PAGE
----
Findings Infobriefs. 2007 May; (136): p.The specific objectives of this project - financed through an IDA credit of $28.7 million (2002-05) - were to : (i) provide resources that would enable the government to implement a balanced, diversified multi-sector response, engaging all relevant government sectors, non-governmental organizations (NGOs) and grassroots initiatives; (ii) to expand contributions made by the Ministry of Health ( MOH ) engage civil society in the fight against AIDS; and (iii) finance eligible activities conducted by civil society organizations, including NGOs, community-based organizations (CBOs), faith-based organizations (FBOs), trade and professional associations, associations of people living with HIV/AIDS (PLWHAs), districts, and line ministries to ensure a rapid multisector scaling-up of HIV prevention and care activities in all regions and at all administrative levels. (excerpt)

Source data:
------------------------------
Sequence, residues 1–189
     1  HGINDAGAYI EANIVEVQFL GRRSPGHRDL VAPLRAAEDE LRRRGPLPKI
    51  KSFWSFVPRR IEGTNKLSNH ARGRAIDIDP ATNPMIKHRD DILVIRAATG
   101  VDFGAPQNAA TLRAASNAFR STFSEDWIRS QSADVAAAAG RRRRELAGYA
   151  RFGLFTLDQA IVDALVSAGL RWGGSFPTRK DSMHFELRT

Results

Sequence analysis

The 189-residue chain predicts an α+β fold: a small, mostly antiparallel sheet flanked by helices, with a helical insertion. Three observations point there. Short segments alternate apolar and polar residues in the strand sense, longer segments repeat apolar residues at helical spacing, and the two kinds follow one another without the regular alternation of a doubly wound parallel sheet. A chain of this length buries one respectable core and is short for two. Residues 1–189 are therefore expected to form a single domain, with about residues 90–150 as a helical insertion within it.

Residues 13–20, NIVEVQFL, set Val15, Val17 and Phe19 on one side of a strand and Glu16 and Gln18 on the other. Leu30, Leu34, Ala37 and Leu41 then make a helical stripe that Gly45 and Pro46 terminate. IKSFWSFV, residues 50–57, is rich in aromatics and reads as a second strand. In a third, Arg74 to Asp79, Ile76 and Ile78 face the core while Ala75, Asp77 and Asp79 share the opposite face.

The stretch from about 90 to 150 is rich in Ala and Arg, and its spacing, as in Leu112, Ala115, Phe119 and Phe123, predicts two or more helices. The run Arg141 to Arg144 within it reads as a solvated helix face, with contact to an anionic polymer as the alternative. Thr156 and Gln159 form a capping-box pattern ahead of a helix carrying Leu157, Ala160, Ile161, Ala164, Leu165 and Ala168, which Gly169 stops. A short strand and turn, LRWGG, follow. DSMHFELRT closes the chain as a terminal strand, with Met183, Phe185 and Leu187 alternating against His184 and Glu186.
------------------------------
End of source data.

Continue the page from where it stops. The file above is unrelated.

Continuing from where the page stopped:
Standard deviation of anthropometric Z-scores as a data quality assessment tool using the 2006 WHO growth standards: A cross country analysis.